China's 'iPhone City' Relocates 1,00,000 After Floods Leave 12 Dead.

China's 'iPhone City' Relocates 1,00,000 After Floods Leave 12 Dead

The deluge on Tuesday was equivalent to more than 8 months' worth of city's average rainfall

Around 100,000 people have been relocated from a central Chinese city known as the world's biggest production base for iPhones, after record rainfall led to widespread floods and the death of at least 12 people.

The city of Zhengzhou in the central province of Henan suspended inbound flights, while rescue workers and authorities worked Wednesday to prevent dam breaches, restore lost power, assess collapsed roads and pump out submerged gas stations. President Xi Jinping urged officials to step up disaster relief measures, saying the city was experiencing a severe impact, CCTV reported.

The deluge on Tuesday was equivalent to more than 8 months' worth of the city's average rainfall, making the event another example of extreme weather that many scientists contend is being exacerbated by the impacts of climate change. Heatwaves have struck the U.S. and Canada in recent months, while Europe and India have suffered major floods, Siberia has experienced wildfires and drought has gripped parts of Africa and Brazil.

"Climate change has made extreme weather like heat waves and floods more frequent and more deadly in the past 20 years," said Greenpeace East Asia climate and energy campaigner Liu Junyan. Recent events in Henan, along with North America and Europe "are all wake-up calls reminding people of the climate change crisis," she said.

Zhengzhou saw 457.5 millimeters (18 inches) of rain fall in the 24 hours through 5 p.m. on Tuesday, the highest since records began for the city of more than 10 million people, the official Xinhua news agency reported. That included a record 201.9 millimeters in a single hour, from 4 p.m. to 5 p.m, a record for mainland China. Zhengzhou typically receives average annual precipitation of about 640.8 millimeters.

Henan is one of China's biggest wheat-producing areas and a major manufacturer of machinery, while Zhengzhou is home to the largest iPhone-making plant, owned by Taiwan's Hon Hai Precision Industry Co. The flooding struck just as the company, known also as Foxconn, prepares to ramp up output ahead of the launch of Apple Inc.'s latest devices toward the end of the year.

Hon Hai's plant in Zhengzhou receives components needed to assemble iPhones from global and domestic Chinese suppliers before shipping out the finished producers. A representative for Hon Hai said it was looking into the situation.

Henan is also China's second-largest food supplier, accounts for about a quarter of the country's wheat harvest and is a major center for frozen food production. It is also a key hub for coal and metals.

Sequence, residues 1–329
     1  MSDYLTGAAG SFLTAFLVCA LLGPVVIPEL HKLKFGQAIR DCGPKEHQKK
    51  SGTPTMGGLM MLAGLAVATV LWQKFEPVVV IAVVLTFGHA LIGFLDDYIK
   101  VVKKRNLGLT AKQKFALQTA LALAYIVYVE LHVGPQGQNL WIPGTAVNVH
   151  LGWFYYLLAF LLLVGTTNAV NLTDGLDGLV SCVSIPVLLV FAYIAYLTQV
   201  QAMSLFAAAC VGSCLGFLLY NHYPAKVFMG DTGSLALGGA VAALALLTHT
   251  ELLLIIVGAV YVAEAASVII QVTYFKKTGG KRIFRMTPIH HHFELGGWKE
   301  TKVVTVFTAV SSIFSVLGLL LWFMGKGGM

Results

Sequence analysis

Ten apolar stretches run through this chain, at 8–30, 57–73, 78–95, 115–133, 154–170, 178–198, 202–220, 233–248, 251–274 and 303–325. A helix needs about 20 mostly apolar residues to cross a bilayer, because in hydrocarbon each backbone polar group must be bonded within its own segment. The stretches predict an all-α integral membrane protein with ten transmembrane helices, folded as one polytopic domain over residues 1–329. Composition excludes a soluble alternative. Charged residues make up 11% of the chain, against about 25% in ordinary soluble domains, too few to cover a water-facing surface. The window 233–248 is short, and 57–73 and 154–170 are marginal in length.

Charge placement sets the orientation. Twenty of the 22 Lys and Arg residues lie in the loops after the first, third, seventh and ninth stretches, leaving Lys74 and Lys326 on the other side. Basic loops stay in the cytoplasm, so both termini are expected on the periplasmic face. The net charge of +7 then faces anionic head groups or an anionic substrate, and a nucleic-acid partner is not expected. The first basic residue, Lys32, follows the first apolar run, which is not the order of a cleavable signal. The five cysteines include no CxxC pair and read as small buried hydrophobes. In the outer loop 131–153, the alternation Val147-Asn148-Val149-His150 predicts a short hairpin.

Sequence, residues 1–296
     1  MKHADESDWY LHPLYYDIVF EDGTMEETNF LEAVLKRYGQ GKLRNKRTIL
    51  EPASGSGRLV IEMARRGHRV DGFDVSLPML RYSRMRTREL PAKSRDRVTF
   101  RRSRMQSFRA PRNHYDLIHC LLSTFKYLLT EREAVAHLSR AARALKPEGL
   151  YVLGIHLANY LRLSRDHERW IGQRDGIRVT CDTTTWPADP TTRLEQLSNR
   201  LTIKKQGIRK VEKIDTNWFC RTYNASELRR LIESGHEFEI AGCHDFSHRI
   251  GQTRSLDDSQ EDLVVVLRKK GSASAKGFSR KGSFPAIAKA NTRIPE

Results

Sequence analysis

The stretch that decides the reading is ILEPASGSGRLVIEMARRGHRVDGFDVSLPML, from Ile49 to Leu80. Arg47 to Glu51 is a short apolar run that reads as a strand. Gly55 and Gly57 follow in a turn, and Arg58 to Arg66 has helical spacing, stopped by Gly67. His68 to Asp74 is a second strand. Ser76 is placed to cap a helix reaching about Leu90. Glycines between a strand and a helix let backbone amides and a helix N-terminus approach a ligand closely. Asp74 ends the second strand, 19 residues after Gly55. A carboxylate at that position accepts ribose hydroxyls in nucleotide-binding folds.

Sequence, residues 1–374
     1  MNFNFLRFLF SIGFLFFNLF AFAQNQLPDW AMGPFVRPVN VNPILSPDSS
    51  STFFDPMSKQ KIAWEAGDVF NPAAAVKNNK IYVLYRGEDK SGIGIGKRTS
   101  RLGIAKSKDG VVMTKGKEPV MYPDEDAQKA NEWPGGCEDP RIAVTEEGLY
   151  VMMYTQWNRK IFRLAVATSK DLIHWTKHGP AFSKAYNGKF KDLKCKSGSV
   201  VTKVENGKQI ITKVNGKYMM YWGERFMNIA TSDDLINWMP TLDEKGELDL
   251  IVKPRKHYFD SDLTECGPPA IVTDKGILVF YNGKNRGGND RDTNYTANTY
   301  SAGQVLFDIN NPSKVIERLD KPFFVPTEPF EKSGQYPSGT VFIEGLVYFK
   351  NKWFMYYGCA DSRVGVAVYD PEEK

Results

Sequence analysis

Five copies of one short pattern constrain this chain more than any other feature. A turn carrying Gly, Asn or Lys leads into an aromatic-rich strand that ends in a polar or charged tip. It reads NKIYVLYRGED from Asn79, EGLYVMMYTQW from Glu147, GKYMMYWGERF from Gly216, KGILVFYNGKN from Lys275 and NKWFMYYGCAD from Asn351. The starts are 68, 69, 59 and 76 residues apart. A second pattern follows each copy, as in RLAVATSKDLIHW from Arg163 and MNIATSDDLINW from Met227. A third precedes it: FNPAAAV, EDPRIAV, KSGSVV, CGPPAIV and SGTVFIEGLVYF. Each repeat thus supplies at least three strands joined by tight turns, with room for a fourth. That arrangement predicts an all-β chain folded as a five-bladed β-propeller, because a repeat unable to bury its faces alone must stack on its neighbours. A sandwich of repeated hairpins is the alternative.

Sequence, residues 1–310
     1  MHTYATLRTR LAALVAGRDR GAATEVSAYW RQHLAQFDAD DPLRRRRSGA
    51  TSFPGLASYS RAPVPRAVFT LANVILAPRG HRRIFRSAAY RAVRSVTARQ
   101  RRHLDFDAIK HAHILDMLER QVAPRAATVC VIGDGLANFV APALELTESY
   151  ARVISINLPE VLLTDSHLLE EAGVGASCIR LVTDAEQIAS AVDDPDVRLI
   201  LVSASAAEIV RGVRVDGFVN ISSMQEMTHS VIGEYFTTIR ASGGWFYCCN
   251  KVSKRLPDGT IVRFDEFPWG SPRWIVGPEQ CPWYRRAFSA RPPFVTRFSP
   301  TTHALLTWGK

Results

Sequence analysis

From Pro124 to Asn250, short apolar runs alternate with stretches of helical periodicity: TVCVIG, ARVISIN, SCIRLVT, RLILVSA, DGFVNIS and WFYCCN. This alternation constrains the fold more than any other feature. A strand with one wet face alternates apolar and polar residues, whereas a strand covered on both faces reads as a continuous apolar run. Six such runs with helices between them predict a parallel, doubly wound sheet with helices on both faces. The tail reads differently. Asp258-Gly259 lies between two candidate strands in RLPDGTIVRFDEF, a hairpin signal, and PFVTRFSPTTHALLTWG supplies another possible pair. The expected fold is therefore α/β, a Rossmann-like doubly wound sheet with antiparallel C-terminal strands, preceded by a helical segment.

While China has already harvested its main wheat crop, earlier widespread rains impacted quality from areas including Henan. That is expected to drive up wheat imports by as much as 40% this year to the highest level since the mid-1990s, according to Bric Agriculture Group, a Beijing-based consulting firm. China has increased purchases from the U.S., Canada and Australia this year.

Submerged Subway

Pictures published by state media showed large sections of Zhengzhou roads submerged, while videos posted on social media depicted passengers having been in flooded-out subway cars with water levels up to their shoulders, residents pulled to safety with ropes from fast moving floodwaters, and cars washed along inundated highways.

Xinhua cited authorities in Henan as saying 12 deaths had been confirmed as of Wednesday morning local time. Thousands of rescue workers including soldiers and firefighters have been dispatched to the city, it added.

In Henan province's Luoyang city, a dam is at risk of collapsing, the People's Liberation Army said Wednesday in a post on Weibo. At Zhengzhou, the Guojiazui water reservoir is also posing a major safety risk and nearby residents have been evacuated, according to a statement on the Henan government's website.

The flooding came shortly after key Chinese cities warned that homes and factories face new power outages as historic demand and supply shortages strain energy grids. Eleven provinces including eastern manufacturing hubs and landlocked central China reported record demand and peak-load surges last week, amid hot weather.

Heavy rain had already forced Henan last week to start banning exports of its coal supply to other areas, amid concern over energy supplies.

(This story has not been edited by NDTV staff and is auto-generated from a syndicated feed.)

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